5. Develop Your EQ

Emotional Intelligence is key to mastering yourself and your future. To effectively control you destiny you must be in control of your emotions and impulses. All your effort of self-improvement, self-reflection and adjusting your focus can be lost in a moment of impulsive behavior.

emotionsDo not let your emotions guide you. Control them through understanding what environments you excel and what environments drain your virtue.

If you add these 5 tips to self-mastery to your daily life, along with Robert Greene’s book Mastery you will be guaranteed success. Remember, you are in control of you journey, and it all begins with 1 step.

Are You Emotionally Intelligent?

As business leaders we often talk about the characteristics of what makes a great leader, like: passionate, driven, charismatic, honest, etc., but we seldom talk about emotional intelligence. Emotional intelligence (EQ) is the ability to sense in yourself, and others, emotions as they rise up, in order to use them effectively and not let them control you. Put in basic terms, it’s not acting like a child when things don’t go your way.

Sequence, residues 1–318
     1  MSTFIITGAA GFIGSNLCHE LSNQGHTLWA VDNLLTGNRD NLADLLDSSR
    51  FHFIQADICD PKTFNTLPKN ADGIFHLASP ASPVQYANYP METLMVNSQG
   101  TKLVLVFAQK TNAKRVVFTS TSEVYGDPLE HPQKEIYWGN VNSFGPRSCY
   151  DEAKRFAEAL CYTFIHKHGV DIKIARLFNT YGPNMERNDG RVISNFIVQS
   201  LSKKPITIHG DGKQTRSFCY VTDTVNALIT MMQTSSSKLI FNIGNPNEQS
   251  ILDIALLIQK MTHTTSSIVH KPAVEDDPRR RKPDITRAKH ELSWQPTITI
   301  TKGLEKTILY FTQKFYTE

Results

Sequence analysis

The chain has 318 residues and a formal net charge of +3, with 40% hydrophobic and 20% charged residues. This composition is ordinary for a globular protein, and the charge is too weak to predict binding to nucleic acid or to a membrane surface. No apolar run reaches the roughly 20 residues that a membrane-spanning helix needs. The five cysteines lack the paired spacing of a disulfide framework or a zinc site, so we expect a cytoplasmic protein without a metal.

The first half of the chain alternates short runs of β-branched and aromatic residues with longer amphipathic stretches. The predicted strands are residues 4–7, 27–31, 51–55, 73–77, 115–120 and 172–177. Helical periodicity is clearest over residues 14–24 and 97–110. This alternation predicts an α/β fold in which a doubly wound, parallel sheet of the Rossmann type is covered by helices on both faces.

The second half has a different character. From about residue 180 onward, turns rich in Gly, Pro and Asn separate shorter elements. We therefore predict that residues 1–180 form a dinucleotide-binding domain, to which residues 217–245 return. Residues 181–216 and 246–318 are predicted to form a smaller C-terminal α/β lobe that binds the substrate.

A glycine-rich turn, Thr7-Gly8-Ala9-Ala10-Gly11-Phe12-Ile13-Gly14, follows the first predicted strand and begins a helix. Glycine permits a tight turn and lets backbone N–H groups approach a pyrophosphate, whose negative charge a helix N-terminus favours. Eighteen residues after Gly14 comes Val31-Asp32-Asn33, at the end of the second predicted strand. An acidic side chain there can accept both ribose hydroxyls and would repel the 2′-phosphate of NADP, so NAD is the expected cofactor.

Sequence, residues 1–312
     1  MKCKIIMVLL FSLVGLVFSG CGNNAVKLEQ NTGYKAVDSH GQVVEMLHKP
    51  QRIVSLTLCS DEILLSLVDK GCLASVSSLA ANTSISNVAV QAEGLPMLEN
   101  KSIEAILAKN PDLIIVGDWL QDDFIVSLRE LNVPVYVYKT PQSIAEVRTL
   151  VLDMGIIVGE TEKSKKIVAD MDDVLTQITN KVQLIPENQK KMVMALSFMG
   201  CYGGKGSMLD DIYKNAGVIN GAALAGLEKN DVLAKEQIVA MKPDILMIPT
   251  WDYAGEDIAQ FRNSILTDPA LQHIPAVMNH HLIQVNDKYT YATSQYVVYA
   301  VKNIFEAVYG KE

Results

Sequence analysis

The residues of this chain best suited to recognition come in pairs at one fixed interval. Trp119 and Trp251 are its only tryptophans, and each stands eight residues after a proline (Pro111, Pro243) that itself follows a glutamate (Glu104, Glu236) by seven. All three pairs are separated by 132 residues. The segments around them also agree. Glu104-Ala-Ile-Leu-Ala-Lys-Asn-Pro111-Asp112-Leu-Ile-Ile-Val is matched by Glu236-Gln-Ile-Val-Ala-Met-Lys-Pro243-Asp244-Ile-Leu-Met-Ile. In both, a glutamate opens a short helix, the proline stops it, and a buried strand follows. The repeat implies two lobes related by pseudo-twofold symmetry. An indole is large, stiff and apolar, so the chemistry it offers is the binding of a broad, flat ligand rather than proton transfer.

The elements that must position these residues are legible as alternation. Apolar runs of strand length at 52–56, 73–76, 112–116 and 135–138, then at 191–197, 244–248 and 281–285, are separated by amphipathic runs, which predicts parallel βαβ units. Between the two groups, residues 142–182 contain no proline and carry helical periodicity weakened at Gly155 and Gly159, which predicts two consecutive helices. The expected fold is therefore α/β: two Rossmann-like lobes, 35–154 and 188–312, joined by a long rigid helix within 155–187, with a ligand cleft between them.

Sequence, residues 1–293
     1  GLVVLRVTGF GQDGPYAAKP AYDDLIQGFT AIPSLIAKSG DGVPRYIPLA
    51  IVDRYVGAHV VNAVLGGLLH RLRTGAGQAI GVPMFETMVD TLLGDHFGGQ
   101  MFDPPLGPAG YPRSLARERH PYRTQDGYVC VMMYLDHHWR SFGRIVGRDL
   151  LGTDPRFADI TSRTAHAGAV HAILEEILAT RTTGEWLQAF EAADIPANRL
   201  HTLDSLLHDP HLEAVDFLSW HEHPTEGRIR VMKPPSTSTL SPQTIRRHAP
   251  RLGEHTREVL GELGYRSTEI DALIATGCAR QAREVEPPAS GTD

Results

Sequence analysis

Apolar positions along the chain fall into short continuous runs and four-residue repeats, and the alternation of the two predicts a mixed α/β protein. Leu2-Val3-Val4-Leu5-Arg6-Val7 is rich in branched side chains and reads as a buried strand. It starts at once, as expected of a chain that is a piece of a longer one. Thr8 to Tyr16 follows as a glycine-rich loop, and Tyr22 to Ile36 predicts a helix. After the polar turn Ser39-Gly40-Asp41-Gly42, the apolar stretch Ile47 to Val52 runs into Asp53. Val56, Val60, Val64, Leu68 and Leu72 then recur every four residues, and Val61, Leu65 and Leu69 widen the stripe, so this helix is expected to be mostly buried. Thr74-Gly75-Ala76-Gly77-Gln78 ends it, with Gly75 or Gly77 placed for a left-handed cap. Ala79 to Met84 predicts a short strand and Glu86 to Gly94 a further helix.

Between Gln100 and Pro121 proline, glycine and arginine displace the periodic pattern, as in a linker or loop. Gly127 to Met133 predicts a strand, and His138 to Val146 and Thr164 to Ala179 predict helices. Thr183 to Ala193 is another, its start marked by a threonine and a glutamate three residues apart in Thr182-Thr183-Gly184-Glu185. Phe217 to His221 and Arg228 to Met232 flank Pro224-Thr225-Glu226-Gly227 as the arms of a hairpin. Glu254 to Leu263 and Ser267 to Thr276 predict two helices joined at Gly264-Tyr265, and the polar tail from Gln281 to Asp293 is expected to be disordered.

Continue reading Are You Emotionally Intelligent?


Employees are not your children – you will have favorites. Whether it’s because of personality, similar interests or work ethic, you will connect with some employees better than others. Because of this you may find yourself talking with one employee more than another, or speaking differently to them. Your team will see this and any promotion or favoritism will always be suspect.

Continue reading ALWAYS BE FAIR


If you’ve read my previous posts, you may think I’ve got it all figured out; I don’t. One thing I have figured out is that management is an evolutionary process that is only improved when things change. With change remain positive.

Do not get attached to a policy or process because it will change and probably should change at some point. Encourage your team to identify new solutions to existing problems. You may have looked at the problem from every angle and landed on a solution – you could still be wrong. Allow your team to voice their opinions or new ideas and be flexible with yours. Continue reading ALWAYS REMAIN POSITIVE